[Department of Defense Photo (USMC) 7714875. Capt Edward R.
Palmquist, Jr., commander of Detachment Sierra, shouts to his
men on the USNS Sergeant Andrew Miller. Within 24 hours MSG
ships loaded nearly 40,000 refugees.]
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and Captain Robert D. Amos.Jr., on the Green Forest; Detachment Victor and
Captain David A. Garcia on the Pioneer Contender, and Detachment Echo and
Captain Richard L. Reuter on the USNS Sergeant Truman Kimbro (she already
had 150 Vietnamese on board, delivered by a Navy ship on the 29th).4 Within
24 hours, these largely empty ships would be en-route to Subic Bay with 39,824
refugees embarked. Within the next few days, the SS Transcolorado and the
American Racer began embarking refugees. Initially without Marines, each ship,
upon arrival in Subic, received a complement of security forces. Detachment
Hotel and Captain William H. Hackett, Jr., transferred from the Dubuque on
4 May to the Transcolorado, and the next day. Detachment Mike and First Lieutenant
Carl W. Fredcricksen left the Du-buque and embarked in the American Racer.
Another ship involved in the care and especially the feeding of the evacuees
was the SS Green Wave, a cargo ship. At 0800 on 5 May, Detachment Uniform
and Captain Steven A. Shepherd joined the Green Wave. Once loaded to capacity
with refugees and with its Marines fully prepared for their security role,
these three ships (Transcolorado, American Racer, and Green Wave) left Subic,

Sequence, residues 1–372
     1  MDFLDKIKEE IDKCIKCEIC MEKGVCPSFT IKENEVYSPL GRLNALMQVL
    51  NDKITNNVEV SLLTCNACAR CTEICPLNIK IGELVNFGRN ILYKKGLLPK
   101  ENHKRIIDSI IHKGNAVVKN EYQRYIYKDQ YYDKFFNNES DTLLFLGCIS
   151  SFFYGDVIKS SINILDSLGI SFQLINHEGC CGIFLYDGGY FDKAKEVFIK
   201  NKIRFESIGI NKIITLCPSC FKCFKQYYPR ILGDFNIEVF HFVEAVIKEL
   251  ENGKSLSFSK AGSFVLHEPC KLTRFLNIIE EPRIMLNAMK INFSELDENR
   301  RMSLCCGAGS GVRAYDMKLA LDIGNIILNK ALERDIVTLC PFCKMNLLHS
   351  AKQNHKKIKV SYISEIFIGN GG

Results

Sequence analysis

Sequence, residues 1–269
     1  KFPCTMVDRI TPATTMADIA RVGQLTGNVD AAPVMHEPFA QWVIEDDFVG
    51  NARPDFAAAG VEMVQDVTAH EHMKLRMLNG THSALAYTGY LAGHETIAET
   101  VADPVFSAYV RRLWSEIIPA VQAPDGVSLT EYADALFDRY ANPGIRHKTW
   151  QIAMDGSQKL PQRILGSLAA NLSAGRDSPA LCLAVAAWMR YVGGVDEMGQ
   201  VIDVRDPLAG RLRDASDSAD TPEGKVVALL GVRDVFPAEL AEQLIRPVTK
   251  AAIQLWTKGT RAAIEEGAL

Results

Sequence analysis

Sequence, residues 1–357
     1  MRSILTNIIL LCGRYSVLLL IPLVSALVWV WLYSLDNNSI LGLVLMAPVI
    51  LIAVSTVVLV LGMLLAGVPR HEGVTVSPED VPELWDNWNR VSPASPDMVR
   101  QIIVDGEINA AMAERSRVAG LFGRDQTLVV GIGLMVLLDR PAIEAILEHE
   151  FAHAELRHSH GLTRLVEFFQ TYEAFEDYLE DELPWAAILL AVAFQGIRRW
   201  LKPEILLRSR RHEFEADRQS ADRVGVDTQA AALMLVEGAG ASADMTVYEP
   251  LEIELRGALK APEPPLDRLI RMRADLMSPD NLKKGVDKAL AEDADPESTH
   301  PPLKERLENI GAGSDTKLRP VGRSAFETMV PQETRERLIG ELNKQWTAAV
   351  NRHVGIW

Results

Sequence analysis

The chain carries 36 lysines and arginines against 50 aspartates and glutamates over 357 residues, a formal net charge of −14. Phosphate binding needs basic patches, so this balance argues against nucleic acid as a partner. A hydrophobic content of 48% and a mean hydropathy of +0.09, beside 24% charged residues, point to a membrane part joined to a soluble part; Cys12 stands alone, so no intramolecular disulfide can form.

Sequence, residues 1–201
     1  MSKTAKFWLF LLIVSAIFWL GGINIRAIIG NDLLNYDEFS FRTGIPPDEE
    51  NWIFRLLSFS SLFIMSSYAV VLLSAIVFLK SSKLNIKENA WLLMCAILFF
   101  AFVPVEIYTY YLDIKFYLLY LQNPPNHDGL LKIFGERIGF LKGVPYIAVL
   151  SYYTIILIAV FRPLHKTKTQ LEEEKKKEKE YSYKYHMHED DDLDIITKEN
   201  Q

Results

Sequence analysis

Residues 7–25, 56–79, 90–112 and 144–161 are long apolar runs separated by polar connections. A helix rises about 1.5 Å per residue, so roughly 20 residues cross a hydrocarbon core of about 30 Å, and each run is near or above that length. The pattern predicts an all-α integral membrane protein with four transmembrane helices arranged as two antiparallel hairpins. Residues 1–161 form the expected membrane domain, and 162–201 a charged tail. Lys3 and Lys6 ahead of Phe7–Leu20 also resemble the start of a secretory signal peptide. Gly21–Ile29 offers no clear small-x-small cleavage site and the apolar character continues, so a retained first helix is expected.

bound for Guam.
One of the reasons for such a quick transfer of refugees and Marines in Subic was due to Filipino sensitivity and the arrival of a flotilla of Vietnamese Navy vessels fully loaded with thousands of refugees. Literally, there was no more room in Subic for them, and diplomatically, the Philippines Government had no more time for unprocessed aliens. During the period from 21-28 April, the United States had evacuated by airplane 42,910 people. Although the 170 Air Force C-130 and 134 C-141 sorties took some of these refugees to Guam, the majority landed and disembarked at Clark Air Force Base. The numbers of undocumented and therefore illegal immigrants so alarmed President Ferdinand Marcos (the U.S. had promised him that all transiting South Vietnamese would have passports and required documentation) that the Philippines Government informed the American Embassy in Manila that refugees could not remain in the Philippines any longer than 72 hours and that no armed
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